would complete discovery with no further obstacles, yet there
were still outstanding document requests as of March 13,
2019, and Plaintiff had yet to be deposed. [ECF No. 55 at
6-7]. Defendant's counsel explained their efforts to
depose Plaintiff and receive supplemental responses to
Defendant's Requests for production 30 and 31.
Id. at 8-13.
counsel noted that Plaintiff's counsel, Attorney Axelrod,
had asked Defendant's counsel to cancel the Show Cause
hearing, and had explained Plaintiff's failure to
supplement Requests for production 30 and 31 by noting that
one of Plaintiff's email accounts had expired, and
documents that Plaintiff kept in a storage facility had been
sold and were no longer in Plaintiff's possession.
Id. at 12. When Defendant's counsel stated that
ordering Plaintiff's deposition by a date certain, with
dismissal resulting should it not occur, the Court stated,
“I think that is a very fair request on the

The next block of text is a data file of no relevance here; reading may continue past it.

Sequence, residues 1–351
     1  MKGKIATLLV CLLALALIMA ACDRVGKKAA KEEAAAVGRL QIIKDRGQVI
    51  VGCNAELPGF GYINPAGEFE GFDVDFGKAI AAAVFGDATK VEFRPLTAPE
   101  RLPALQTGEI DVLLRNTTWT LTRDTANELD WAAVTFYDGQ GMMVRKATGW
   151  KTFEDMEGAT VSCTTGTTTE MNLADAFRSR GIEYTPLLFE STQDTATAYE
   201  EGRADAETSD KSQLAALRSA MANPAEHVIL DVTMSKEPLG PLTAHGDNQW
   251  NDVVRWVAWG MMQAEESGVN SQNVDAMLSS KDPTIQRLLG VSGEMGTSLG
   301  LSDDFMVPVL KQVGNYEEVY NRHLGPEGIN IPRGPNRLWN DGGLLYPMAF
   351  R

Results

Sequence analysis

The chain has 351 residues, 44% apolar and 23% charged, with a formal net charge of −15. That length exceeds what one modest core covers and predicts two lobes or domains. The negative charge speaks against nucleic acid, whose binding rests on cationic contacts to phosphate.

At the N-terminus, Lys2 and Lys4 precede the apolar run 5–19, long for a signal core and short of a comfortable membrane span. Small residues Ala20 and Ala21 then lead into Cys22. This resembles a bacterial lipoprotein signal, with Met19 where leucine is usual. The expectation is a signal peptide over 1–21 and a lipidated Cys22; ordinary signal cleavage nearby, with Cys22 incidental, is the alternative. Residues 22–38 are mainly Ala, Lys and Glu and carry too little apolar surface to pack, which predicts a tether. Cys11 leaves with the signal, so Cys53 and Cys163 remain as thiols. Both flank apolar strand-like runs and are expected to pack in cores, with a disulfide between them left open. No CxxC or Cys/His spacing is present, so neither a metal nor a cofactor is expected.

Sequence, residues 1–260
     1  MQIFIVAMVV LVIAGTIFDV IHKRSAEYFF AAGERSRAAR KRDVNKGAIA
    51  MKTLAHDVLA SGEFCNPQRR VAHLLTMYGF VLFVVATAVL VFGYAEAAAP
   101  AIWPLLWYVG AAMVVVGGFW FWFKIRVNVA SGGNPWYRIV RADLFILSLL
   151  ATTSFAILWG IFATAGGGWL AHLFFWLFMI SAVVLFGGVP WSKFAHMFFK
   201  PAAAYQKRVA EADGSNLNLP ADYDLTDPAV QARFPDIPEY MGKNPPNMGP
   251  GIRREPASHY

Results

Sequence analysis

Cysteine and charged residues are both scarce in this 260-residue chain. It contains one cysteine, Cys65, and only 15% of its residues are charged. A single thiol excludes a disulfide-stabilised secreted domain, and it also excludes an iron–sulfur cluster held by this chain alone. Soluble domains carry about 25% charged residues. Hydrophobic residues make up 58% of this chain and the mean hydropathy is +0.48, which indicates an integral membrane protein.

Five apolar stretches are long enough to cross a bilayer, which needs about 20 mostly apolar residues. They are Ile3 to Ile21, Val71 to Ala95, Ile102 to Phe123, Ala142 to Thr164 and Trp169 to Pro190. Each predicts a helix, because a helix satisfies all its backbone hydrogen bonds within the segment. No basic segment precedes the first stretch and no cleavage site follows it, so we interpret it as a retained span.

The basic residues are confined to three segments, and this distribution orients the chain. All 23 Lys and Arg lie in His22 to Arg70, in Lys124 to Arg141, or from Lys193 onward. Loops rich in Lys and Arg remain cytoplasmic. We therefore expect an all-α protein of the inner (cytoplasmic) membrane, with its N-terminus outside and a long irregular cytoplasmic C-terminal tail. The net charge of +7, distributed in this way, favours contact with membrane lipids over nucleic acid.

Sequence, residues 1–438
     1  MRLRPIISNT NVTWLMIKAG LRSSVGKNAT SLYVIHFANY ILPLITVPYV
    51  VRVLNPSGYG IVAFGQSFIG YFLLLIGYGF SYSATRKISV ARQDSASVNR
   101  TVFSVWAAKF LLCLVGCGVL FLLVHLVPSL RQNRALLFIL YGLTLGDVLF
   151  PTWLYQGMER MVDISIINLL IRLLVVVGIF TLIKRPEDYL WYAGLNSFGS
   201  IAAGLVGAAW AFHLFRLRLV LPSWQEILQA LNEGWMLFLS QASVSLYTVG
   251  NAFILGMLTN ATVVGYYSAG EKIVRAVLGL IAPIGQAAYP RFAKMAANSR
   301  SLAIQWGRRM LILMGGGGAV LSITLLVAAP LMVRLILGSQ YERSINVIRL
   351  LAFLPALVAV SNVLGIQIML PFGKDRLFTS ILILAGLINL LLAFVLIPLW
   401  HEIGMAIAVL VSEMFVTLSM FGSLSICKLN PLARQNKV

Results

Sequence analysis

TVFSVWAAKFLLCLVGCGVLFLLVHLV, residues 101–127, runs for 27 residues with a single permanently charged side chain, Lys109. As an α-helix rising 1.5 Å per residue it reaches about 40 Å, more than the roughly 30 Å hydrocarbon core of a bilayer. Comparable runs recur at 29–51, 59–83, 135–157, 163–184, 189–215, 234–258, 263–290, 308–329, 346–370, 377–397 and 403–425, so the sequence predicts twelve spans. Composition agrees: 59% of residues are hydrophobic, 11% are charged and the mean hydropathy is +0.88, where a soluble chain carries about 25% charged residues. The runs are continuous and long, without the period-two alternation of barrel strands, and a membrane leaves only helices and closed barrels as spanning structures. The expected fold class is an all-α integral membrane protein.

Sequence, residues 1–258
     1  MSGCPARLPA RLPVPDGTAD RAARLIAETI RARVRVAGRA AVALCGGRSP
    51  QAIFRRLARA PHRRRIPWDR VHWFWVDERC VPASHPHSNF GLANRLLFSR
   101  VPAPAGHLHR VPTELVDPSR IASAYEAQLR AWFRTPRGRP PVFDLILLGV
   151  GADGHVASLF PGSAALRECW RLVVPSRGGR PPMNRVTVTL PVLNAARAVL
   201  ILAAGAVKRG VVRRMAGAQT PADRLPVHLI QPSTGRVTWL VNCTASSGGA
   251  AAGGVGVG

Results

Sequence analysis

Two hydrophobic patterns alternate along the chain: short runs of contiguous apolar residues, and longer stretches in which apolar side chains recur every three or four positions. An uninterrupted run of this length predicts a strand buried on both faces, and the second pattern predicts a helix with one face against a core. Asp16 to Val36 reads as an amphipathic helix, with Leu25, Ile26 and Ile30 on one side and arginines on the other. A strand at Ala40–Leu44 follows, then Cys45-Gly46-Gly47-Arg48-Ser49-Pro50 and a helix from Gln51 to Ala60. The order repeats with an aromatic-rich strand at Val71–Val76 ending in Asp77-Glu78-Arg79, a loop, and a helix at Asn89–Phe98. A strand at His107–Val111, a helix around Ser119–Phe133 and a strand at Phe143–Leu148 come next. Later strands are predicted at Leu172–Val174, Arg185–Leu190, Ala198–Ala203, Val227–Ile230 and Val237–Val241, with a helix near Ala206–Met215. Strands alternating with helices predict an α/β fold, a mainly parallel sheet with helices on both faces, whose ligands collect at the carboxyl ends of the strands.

defendant's part.” Id. at 22.
came to light during the Show Cause hearing that
Plaintiff's counsel had no signed engagement/retainer
letter with the Plaintiff, had not received any payment from
the Plaintiff for services rendered other than the $400
filing fee, and had not issued a litigation hold letter to
Plaintiff at the start of this action, requiring her to
preserve relevant documents. Id. at 32-38.
Plaintiff's counsel explained that one reason for his
trouble with this case was that since the beginning of 2019
he had taken on 50 additional cases and was looking for
another attorney. Id. at 40. Plaintiff's counsel
also explained that his firm had represented Plaintiff in a
prior action before the Connecticut Commission on Human
Rights and Opportunities (“CHRO”), but that
Plaintiff had not paid fully for services rendered in that
action, which was completed before Plaintiff initiated this
action. Id. at 46-47. Plaintiff explained that when
the case was filed, she only expected Attorney McMinn to do
that and not represent her in this action, and that she was
surprised when Attorney McMinn contacted her about discovery
responses. Id. at 52-53.
further discussions related to the parties' discovery
efforts, or lack thereof, the Court ordered Defendant's
counsel, Plaintiff, and Plaintiff's counsel to file on
the docket all correspondence between Plaintiff ...